The central variable region (CVR) within the B602L gene of the African swine fever virus (ASFV) is highly polymorphic within the 23 ASFV genotypes defined by sequencing of the C-terminal end of the p72 locus. Sequencing the p54 gene further discriminates ASFV genotypes that are conserved at the p72 locus. Variation in the thymidine kinase locus is a novel additional tool for ASFV genotyping whose application for this purpose is described for the first time herein. We evaluated genetic variation at these four polymorphic loci in 39 ASFV isolates obtained from outbreaks in Kenya and a region of Eastern Uganda between 2011 and 2013. Analysis of the p72 and p54 loci revealed high genetic conservation among these isolates; all clustered within p72 genotype IX and were similar to isolates associated with earlier outbreaks in East Africa. The thymidine kinase gene of the Kenyan isolates in this study were distinct relative to Southern African isolates and synonymous substitutions were observed among viruses from central Kenya. Analysis of the CVR within the B602L gene revealed two previously unknown polymorphisms that were restricted to Western Kenya and Eastern Uganda. A novel variant was revealed within CVR subgroup XXIV and a novel CVR subgroup XXIVa that contains tetrameric repeat F which has previously only been associated with p72 genotype I, was also identified for the first time in East Africa. Phylogeographic analysis of isolates based on CVR polymorphisms revealed rapid evolution and dissemination of variants present within ASFV genotype IX in East Africa.
African swine fever (ASF) is a highly contagious and frequently fatal hemorrhagic disease of swine that typically results in high mortality in domestic pigs and European wild boar. The disease is caused by the African swine fever virus (ASFV); a large virus that replicates within the cell’s cytoplasm and is the sole member of the family Asfarviridae, genus Asfivirus  and the only currently known DNA arbovirus. The ASFV genome consists of a single linear double stranded DNA molecule that is between 170 and 190 kilobase pairs in size  and depending on the isolate, it encodes between 151 and 167 open reading frames [3, 4].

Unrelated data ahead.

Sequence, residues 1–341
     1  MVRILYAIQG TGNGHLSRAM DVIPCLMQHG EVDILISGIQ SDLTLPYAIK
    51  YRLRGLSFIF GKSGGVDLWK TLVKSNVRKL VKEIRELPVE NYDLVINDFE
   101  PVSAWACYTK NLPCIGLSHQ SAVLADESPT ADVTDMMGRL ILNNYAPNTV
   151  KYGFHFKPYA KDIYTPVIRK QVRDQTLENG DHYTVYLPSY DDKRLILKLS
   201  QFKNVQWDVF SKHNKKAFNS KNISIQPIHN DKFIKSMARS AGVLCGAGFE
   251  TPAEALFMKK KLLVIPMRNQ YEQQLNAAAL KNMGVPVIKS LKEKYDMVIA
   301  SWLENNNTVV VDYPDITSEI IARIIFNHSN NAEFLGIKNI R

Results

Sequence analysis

The epidemiology of ASF is complex and differs across countries, regions, and continents depending on the presence or absence of wild suids, arthropod vectors, and pig production systems . Transmission occurs through three distinct cycles, specifically an ancestral sylvatic cycle involving African wild suids and soft ticks (genus Ornithodoros), a domestic pig to pig cycle, which is probably the most frequent current mode of transmission in the majority of African pig production systems, and transmission between domestic pigs via Ornithodoros ticks, which has rarely been confirmed .
ASF has a devastating socio-economic impact both in endemic areas, where investment in the pig sector is reduced due to the risk of sporadic outbreaks and in newly infected regions  due to high mortality rates particularly in naïve populations. The potential threat to global food security and decreased investment in the pig industry represents a serious problem , given the history of this virus ‘escaping’ from the African continent. The transboundary nature of the threat posed by ASFV was emphasized by the incursion of ASFV genotype II into Georgia in 2007, and subsequently Russia  and most recently Eastern Europe with serious consequences for the global pig industry .